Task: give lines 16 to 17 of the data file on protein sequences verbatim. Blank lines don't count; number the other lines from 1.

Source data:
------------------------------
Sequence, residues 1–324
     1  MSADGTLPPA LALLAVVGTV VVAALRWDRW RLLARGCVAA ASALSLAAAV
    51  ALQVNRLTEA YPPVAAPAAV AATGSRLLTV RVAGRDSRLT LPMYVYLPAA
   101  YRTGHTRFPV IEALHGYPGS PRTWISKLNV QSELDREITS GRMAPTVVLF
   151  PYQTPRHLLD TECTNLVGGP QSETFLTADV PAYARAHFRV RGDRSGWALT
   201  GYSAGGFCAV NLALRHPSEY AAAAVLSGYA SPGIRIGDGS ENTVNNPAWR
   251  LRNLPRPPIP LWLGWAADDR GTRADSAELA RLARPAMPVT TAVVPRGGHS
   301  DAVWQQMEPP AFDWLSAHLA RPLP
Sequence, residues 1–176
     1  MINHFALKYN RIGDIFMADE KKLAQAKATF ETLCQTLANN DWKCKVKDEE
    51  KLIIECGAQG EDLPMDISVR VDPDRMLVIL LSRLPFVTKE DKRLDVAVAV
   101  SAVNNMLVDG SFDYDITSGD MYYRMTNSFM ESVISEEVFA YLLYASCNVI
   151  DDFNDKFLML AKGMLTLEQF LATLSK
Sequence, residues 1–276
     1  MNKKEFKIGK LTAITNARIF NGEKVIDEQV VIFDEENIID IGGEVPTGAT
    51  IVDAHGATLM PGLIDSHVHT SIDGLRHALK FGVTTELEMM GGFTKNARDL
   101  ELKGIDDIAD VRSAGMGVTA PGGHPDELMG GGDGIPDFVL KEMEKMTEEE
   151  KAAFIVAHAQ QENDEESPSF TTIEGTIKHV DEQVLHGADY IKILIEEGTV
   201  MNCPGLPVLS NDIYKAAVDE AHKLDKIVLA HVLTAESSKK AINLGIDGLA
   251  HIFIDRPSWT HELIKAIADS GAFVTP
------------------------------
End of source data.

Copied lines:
    51  IVDAHGATLM PGLIDSHVHT SIDGLRHALK FGVTTELEMM GGFTKNARDL
   101  ELKGIDDIAD VRSAGMGVTA PGGHPDELMG GGDGIPDFVL KEMEKMTEEE